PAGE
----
Flounder have been a mainstay for local anglers for decades, but some recent seasons haven't sparked any memories from the fishery's heyday.
But the action so far this year appears to be better than it has been the last couple of springs.
Many anglers believe that could, in part, be attributed to a less frigid winter.
Flatties started to show up in their usual haunts in sloughs around the Eastern Shore barrier islands and quickly were found in the three southside inlets, especially Lynnhaven.
Some fish are starting to be caught by anglers working favorite spots along the Chesapeake Bay Bridge-Tunnel and at any number of wrecks, artificial reefs and rubble piles inside the bay and along the coast.
While there have been some decent-sized fish reported, none meeting the 6-pound minimum for a state award have been registered with the Virginia Saltwater Fishing Tournament.
Only 34 met the standard last year, but one of those weighted 13 pounds, 8 ounces. It was caught at the CBBT.
The species of flounder we catch are summer flounder. You can tell them apart from winter flounder by looking at the eyes. If looking from the tail, summer flounder's eyes are on the right side of their face. They're on the left on a winter flattie.
Summer flounder also get bigger. The International Game Fish Association all-tackle world records for winter and summer flounder are 7-0 and 22-7, respectively.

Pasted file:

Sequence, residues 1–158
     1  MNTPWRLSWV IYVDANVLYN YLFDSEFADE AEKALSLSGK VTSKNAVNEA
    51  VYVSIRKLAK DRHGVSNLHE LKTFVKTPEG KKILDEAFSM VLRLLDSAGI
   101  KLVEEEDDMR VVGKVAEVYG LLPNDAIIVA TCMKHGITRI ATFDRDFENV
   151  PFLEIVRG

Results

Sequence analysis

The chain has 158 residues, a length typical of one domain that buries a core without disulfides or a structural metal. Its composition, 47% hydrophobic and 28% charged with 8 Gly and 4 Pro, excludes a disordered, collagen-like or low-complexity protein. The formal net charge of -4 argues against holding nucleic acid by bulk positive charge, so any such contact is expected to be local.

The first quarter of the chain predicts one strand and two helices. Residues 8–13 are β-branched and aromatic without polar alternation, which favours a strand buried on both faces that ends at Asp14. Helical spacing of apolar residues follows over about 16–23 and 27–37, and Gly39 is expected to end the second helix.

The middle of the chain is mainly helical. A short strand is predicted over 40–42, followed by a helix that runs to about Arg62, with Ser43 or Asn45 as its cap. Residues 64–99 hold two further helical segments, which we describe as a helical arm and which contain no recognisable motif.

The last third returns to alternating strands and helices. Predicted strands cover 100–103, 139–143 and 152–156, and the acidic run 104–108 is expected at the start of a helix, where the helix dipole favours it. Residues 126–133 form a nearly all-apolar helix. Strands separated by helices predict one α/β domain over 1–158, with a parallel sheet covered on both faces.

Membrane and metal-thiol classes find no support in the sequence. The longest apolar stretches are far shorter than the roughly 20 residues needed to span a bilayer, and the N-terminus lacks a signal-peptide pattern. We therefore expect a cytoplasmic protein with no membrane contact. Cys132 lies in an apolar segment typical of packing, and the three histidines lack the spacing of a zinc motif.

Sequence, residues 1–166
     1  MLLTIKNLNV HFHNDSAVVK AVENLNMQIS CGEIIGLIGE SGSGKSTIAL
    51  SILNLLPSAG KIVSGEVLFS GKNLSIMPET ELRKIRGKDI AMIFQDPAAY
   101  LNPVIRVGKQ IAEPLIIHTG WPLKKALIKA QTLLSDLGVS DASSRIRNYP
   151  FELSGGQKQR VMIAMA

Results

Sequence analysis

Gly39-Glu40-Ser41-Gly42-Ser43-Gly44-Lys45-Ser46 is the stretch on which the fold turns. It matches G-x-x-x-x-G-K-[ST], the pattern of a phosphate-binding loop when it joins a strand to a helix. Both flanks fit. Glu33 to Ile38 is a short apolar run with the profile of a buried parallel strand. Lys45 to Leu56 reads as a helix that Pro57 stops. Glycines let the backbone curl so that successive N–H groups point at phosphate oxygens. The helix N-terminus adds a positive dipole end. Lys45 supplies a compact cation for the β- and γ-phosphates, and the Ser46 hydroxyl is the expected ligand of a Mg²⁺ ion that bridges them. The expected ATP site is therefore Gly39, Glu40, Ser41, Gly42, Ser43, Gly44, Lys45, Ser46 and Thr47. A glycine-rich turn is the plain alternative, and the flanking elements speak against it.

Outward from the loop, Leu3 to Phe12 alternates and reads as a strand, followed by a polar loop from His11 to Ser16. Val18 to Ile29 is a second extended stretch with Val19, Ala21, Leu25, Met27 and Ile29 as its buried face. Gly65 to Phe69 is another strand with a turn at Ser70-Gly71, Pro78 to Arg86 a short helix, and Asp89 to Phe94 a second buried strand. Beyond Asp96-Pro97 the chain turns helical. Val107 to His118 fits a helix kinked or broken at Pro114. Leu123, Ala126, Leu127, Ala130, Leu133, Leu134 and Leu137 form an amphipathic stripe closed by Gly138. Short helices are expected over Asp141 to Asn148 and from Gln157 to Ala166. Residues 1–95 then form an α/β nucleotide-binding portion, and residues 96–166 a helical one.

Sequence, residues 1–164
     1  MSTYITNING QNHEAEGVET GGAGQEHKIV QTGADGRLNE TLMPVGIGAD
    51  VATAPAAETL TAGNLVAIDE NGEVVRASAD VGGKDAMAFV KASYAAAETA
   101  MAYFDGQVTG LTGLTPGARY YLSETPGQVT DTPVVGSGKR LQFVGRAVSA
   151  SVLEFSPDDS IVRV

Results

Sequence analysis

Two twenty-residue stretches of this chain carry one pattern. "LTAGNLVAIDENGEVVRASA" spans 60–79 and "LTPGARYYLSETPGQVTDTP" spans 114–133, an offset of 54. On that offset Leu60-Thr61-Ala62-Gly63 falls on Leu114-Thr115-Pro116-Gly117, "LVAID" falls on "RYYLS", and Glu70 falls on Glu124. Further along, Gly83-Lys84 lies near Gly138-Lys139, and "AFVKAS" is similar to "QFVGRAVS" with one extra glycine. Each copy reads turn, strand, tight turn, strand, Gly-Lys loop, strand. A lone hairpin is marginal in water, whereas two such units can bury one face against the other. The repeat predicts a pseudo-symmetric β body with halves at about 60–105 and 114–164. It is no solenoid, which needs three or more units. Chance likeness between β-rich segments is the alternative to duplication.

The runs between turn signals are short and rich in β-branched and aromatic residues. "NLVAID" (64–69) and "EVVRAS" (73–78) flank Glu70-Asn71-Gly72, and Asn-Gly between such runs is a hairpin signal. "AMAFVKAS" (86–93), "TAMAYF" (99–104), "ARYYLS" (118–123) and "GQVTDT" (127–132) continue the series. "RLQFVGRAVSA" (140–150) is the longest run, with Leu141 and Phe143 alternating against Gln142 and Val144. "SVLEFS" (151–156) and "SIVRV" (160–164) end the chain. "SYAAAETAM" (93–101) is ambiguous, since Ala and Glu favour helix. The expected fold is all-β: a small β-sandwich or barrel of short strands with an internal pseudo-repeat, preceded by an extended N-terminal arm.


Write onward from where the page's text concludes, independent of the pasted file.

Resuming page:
Virginia's biggest flattie on record is a 17-8 caught from the Baltimore Channel in 1971. North Carolina's biggest was 20-8 from Carolina Beach in 1980.
Hopefully this year's early start bodes well for a good season.
Northeastern North Carolina
Dolphin numbers have boomed over the past week, but that's likely because more captains are targeting them to get away from an impressive number of sharks.
While catching yellowfin tuna, sharks have been destroying catches. Many captains have been reporting up to 20 tuna a day, with less than a handful making it to the boat intact.
Wahoo, king mackerel and some billfish are joining in on the bluewater action.
Coastal wrecks have been yielding a good number of species, including triggerfish, sea bass, grouper, snapper and amberjack.
Cobia and red drum highlight most catches made by casters along the surf and by boaters working along the coast. There have been a good number of cobia topping 50 pounds caught, including a 92-pounder by Doug Stark.
Surf and pier anglers are catching plenty of Spanish mackerel, croaker, sea mullet, pompano, blow toads, trout, puppy drum, juvenile black drum and a few small flounder. Much of the same is being produced in and around the two inlets.
Inside the sounds, speckled trout and puppy drum are providing the best action. The handful of anglers in the know are likely in search of tarpon that should be starting to show.
Cobia have been the main topic of conversation the last week, with huge pods of fish swarming the coast and mouth of the bay. Sight casting is producing a nice combination of small to medium fish, with quite a few fish topping 40 pounds in the mix. Remember, the keeper season doesn't open until June 1.